Indigenous Cosmolectics

Kab'awli and the Making of Maya and Zapotec Literatures

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Gloria Elizabeth Chacón
Critical Indigeneities
  • Chapel Hill, NC: 
    University of North Carolina Press
    , November
     260 pages.
     For other formats: Link to Publisher's Website.


Latin America's Indigenous writers have long labored under the limits of colonialism, but in the late twentieth and twenty-first centuries, they have constructed a literary corpus that moves them beyond those parameters. Gloria E. Chacón considers the growing number of contemporary Indigenous writers who turn to Maya and Zapotec languages alongside Spanish translations of their work to challenge the tyranny of monolingualism and cultural homogeneity. Chacón argues that these Maya and Zapotec authors reconstruct an Indigenous literary tradition rooted in an Indigenous cosmolectics, a philosophy originally grounded in pre-Columbian sacred conceptions of the cosmos, time, and place, and now expressed in creative writings. More specifically, she attends to Maya and Zapotec literary and cultural forms by theorizing kab'awil as an Indigenous philosophy. Tackling the political and literary implications of this work, Chacón argues that Indigenous writers' use of familiar genres alongside Indigenous language, use of oral traditions, and new representations of selfhood and nation all create space for expressions of cultural and political autonomy.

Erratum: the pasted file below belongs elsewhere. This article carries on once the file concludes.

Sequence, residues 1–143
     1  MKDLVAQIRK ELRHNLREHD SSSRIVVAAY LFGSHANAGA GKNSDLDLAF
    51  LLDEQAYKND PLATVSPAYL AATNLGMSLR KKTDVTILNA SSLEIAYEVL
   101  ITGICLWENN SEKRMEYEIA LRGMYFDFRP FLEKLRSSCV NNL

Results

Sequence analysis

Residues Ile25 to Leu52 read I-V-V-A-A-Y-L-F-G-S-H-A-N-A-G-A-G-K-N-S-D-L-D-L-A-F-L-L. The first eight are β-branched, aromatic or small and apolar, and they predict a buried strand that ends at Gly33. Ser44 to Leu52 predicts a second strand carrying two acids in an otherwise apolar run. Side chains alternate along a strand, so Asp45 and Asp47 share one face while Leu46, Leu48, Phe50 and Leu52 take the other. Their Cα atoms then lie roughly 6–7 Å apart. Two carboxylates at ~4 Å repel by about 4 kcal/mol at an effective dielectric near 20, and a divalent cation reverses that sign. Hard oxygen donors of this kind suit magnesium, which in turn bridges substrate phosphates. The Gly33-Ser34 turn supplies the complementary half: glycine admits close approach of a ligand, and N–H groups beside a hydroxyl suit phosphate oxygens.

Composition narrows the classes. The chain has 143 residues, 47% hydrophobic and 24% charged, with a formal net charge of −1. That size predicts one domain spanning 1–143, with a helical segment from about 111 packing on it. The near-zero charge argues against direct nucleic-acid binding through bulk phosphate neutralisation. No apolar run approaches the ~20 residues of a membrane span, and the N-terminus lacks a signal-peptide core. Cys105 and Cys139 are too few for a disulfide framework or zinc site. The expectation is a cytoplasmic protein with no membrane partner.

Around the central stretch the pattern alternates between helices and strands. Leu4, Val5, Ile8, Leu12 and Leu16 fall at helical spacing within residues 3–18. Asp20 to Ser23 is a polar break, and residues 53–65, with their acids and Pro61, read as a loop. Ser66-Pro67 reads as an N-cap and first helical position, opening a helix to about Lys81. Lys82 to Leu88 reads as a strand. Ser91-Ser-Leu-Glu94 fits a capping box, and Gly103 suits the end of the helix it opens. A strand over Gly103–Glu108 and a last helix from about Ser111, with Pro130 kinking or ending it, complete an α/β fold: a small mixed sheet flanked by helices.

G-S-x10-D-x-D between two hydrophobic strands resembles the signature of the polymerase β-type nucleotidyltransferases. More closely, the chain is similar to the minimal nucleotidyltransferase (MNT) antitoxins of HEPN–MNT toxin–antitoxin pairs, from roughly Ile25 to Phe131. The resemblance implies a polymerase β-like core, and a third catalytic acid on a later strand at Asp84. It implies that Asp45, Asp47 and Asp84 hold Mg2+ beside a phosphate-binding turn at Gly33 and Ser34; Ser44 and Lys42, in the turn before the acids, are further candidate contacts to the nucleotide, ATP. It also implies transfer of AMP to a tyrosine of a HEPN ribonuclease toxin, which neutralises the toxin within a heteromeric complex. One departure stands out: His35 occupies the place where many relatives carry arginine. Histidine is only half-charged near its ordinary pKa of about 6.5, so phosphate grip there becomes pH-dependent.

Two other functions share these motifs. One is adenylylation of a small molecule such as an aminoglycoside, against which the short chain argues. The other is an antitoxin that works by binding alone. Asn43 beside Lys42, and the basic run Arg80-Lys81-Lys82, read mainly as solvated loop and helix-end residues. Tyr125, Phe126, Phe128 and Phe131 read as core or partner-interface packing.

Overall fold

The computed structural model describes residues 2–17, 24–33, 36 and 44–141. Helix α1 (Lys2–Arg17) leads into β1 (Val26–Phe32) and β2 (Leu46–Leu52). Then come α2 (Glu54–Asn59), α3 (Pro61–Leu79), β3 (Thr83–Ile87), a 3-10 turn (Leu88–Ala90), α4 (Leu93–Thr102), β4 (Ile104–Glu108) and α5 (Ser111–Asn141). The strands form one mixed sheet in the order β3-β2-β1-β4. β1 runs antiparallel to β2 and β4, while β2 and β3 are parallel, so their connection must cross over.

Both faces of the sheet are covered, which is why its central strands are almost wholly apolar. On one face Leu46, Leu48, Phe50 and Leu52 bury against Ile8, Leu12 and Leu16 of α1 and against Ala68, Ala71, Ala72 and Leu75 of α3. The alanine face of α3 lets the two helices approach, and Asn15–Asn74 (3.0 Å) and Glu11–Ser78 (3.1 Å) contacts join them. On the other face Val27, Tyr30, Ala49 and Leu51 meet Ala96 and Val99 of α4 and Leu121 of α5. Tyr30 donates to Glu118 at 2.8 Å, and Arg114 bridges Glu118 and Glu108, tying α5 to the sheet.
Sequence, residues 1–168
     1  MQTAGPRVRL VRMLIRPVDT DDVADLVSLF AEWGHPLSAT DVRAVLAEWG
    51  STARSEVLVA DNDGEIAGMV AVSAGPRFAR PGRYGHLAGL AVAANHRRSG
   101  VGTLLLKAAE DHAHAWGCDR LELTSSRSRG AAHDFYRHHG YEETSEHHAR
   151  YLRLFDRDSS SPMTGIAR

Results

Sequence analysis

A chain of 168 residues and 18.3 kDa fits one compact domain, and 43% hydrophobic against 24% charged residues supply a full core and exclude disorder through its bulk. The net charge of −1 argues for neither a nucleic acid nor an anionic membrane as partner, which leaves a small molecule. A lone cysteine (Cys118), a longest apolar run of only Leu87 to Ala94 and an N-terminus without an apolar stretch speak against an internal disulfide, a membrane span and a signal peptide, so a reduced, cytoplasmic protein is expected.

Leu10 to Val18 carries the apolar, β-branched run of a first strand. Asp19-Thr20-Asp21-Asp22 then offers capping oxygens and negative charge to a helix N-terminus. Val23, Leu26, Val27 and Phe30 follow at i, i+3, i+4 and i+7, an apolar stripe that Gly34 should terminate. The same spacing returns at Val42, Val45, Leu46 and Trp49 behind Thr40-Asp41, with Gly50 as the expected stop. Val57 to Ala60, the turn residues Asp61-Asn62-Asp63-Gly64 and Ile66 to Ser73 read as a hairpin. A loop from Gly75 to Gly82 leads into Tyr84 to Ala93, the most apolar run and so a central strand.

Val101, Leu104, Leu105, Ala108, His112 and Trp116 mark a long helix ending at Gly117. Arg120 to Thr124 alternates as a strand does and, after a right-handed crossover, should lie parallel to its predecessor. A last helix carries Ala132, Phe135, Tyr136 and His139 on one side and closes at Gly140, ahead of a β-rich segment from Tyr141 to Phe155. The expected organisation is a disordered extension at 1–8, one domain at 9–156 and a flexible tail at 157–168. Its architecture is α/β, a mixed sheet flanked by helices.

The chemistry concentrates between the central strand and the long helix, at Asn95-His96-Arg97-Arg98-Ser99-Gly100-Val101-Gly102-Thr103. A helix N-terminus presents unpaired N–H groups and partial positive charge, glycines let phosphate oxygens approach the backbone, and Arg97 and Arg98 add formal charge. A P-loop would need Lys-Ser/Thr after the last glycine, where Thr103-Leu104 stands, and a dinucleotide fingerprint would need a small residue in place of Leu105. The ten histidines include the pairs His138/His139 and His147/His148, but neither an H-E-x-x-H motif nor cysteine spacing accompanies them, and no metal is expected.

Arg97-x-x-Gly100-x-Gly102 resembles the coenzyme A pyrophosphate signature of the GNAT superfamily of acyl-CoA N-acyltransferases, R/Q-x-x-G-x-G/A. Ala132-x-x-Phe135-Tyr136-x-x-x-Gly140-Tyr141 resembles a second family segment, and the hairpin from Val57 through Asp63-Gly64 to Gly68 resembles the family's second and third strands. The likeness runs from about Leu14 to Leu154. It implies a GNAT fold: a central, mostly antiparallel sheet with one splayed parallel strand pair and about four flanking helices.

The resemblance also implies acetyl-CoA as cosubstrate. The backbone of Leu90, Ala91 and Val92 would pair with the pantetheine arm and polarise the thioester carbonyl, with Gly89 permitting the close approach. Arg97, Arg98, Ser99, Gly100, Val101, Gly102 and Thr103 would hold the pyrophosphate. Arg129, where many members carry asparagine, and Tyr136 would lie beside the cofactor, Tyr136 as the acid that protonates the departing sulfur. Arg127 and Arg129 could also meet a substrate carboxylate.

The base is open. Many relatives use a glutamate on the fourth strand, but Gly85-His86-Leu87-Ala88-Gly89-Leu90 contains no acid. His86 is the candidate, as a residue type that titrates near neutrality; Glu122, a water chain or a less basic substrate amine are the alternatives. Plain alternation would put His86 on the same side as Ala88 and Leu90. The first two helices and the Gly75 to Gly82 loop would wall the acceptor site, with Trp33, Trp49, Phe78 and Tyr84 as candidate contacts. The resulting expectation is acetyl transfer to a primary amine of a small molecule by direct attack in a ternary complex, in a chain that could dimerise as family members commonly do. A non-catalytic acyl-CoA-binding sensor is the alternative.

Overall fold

Chacón recognizes that Indigenous writers draw from universal literary strategies but nevertheless argues that this literature is a vital center for reflecting on Indigenous ways of knowing and is a key artistic expression of decolonization.

About the Author(s)/Editor(s)/Translator(s): 

Gloria Elizabeth Chacón is Assistant Professor of lLterature at the University of California, San Diego. Chacon's work has appeared in Canada, Colombia, Germany, Mexico, and the United States.


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